It is important to realize that the book values ââof jar stocks are also low in the United States. Vertically integrated multistate operator iAnthus Capital Holdings (OTC: ITHUF), which is present in 11 states and 30 open dispensaries, is priced perhaps the lowest of any marijuana inventory. However, as with Aurora Cannabis, bad negotiation seems to be its downfall.
In February, iAnthus Capital entered into what would, at the time, be the largest marijuana deal in the United States in history. Unfortunately, the all-equity acquisition of MPX Bioceutical is responsible for the majority of the $ 440.4 million in goodwill (i.e. in US dollars) that the company carried on its balance sheet at the end of September. For context, iAnthus’ goodwill is 55% greater than the company’s current market capitalization, and it represents 53% of its $ 831.6 million in total assets.
And it’s getting worse and worse. Like Aurora, iAnthus has a large portion of its total assets classified as intangible assets – $ 177.5 million, to be exact. This means that 74% of the company’s total assets are built by crossing our fingers and hoping everything goes according to plan.
While iAnthus is well positioned in a handful of US states and is expected to see sales increase significantly in 2020, it’s hard to ignore the high likelihood of depreciation in the not-so-distant future.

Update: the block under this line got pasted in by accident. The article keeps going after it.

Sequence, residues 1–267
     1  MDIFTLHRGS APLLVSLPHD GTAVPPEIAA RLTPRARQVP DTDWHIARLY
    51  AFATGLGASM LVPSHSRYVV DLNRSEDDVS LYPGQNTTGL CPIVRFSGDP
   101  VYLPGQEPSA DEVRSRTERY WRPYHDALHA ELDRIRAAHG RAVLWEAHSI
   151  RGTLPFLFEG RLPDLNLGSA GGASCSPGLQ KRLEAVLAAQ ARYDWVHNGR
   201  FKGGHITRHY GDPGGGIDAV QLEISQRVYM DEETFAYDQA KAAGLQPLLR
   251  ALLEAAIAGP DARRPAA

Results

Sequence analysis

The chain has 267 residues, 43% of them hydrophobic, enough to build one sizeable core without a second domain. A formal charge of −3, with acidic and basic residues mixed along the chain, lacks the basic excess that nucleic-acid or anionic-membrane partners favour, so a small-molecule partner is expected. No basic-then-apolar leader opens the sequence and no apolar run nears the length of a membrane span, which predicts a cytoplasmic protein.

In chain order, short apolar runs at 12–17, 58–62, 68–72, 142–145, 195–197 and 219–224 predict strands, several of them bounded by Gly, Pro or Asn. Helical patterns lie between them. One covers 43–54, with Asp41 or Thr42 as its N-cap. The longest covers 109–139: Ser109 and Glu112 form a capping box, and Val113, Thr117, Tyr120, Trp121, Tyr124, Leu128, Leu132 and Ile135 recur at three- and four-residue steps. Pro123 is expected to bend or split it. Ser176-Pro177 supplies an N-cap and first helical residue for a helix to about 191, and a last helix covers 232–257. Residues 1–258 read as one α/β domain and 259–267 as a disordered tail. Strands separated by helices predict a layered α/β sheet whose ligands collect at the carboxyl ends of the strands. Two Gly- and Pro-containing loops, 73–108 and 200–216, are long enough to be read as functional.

CannTrust Holdings: accounting price of 0.85
Last, but not least, the struggling marijuana stock CannTrust Holdings (OTC: CNTTQ) is valued at only 85% of its book value. While that too may sound like a big discount, there are a number of reasons behind CannTrust’s bottom feed valuation.
On the one hand, the company admitted in July to illegally cultivating marijuana in five unlicensed theaters for a period of six months (October 2018-March 2019). This admission ultimately led to the sacking of former CEO Peter Aceto, the destruction of $ 58 million in illicitly grown pots, and the suspension of the cultivation and sale license by Health Canada in September. This suspension leaves the door open for CannTrust to reclaim its licenses this year, but at this time the company is unable to grow any new crops or sell any product.
Additionally, CannTrust has not released any of its operating results since May of last year. The company having been caught in the act of illicit growth, its previous income statements will have to be restated. It could take until the end of the first quarter of this year before the company releases any of its previous results. As a result, the company’s book value could turn out to be very different from the data we currently have.
While I see CannTrust as a very risky buy for the second half of 2020, its unusually low book value plays no role in this belief.
This article represents the opinion of the author, who may disagree with the âofficialâ recommendation position of a premium Motley Fool consulting service. We are heterogeneous! Challenging an investment thesis – even one of our own – helps us all to think critically about investing and make decisions that help us become smarter, happier, and richer.